Fort Russ E-book: Kurchatov – The Father of the Soviet Nuclear Bomb. Part 3. In Simferopol

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Igor Kurchatov

August 30, 2015

Translated by Kristina Rus

Peter Astashenkov: “Kurchatov”

Published by “Molodaya Gvardiya”, 1968

“Kurchatov”

(1968)

In Simferopol

Kurchatov family settled on the outskirts of Simferopol. Almost all of their spare time Igor and Boris spent in walks and long hikes.

Every summer Vasily went on land surveying jobs in different parts of Crimea. They coincided with summer holidays, and Vasily invariably took his sons with him, who helped him in everything.

On one such trip Igor and Boris first saw a steam thresher. Wealthy German colonists installed them on the outskirts. Uniform noise of many machines, steam hissing, smoking pipes – all of that attracted the attention of young boys. They swirled around the machines from morning till evening, dreaming to test them out. One day they were entrusted to operate the steamer, and the boys with special pleasure threw the straw into the furnace, pumped water into the pot, observed the steam pressure, the number of turns of the flywheel. Igor remembered the smell of smoke and hot oil, the fluctuation of the soil in tact with the machine for a long time.

The first time seeing the [Black] sea left Igor and Boris with a lasting impression. In 1912, when they drove with his father to Alushta, the sea suddenly opened to their eyes in the morning rays of the June sun.

The majority of the time the boys spent near the water. Swam and played, watched the fragile boats of fishermen with admiration, who fearlessly went out to sea in any weather.

– They are the men! – enthusiastically said Igor. – Know that it’s dangerous, but still go…

He tried to temper his will, swam in any weather. The father not only did not protest this, but even taught him to dive under the wave, when it, foaming and rustling, crashes on the beach.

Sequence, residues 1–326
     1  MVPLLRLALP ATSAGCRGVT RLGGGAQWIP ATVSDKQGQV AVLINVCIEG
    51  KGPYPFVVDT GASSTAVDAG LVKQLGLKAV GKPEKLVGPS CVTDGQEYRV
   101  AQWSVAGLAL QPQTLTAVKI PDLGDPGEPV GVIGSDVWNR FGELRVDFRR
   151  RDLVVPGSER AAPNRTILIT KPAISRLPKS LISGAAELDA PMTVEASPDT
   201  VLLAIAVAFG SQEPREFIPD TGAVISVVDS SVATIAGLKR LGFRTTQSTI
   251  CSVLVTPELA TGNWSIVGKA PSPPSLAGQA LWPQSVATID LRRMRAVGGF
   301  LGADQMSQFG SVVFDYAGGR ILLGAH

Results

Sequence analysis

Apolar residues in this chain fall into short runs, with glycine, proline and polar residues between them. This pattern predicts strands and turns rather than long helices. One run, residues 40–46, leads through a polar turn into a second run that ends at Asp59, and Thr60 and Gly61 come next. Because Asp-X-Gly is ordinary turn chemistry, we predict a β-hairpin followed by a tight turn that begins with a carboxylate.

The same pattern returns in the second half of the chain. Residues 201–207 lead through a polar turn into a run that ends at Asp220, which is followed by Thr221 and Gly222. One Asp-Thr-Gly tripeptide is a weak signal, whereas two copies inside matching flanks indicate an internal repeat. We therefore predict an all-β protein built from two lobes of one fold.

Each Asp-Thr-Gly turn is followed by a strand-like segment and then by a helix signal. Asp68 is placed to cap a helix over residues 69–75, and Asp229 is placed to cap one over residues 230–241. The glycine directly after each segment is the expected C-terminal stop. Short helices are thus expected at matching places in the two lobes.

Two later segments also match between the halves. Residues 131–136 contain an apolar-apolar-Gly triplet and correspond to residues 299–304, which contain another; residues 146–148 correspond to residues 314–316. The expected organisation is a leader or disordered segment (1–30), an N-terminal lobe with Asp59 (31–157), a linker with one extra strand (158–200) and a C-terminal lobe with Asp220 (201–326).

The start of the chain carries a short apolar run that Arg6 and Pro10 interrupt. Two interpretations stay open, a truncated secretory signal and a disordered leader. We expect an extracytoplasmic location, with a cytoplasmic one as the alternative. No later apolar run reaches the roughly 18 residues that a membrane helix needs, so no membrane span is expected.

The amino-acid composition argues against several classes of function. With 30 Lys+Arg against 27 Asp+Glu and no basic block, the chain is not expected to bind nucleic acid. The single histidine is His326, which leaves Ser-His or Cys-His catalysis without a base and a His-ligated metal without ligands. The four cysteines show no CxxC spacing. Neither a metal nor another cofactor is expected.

These days the boys were fascinated by a game of their own invention: seeing a ship in the distance for as long as possible they watched it, creating the story of its voyages, imagining encounters with pirates. They themselves went only on the Volga steam boats, when the family traveled from Simbirsk to the dacha [a summer cottage with a vegetable garden in the country]. To board a seagoing vessel became a fascinating dream. Later this dream called Kurchatov-student to the shipbuilding school, and when he became a prominent physicist – to work for the Navy.

By late summer, strong, tanned Igor and Boris returned to the city for school and work.

Igor learned fast, helped many comrades. After classes, he often stayed in the gymnasium [school] at the rehearsals of the orchestra, where he played a mandolin.

 The family’s financial situation was difficult, and with the beginning of world war [WWI] became very difficult. Igor, while still a student, was trying to earn money to help the family. Tried to do tutoring, but the town was small, and he could not find any students. He went to a cigarette shop. Pieces of a cherry tree, pear, apple, rose hips in the master’s hands turned into refined cigarette holders. Igor soon mastered the secrets of production. According to his brother, Igor could literally with a few strokes of a file give a piece of wood the most expressive form.

 Igor decided to learn plumbing. Found a shop, made a deal with the owner and began learning. Came home even later, dirty, initially with broken fingers, with callouses…

Igor consciously prepared himself for an engineering career. In the rare free moments after the studies and working at the shop, he studied analytic geometry, solved problems. Math teacher predicted a great future for him. However, the literature teacher saw Igor as a budding writer. He directed his reading, supplied books, which Kurchatov family could not afford to buy.

Igor bought only one book to always have it on his person: “Advances in modern technology” by the Italian professor Corbino…

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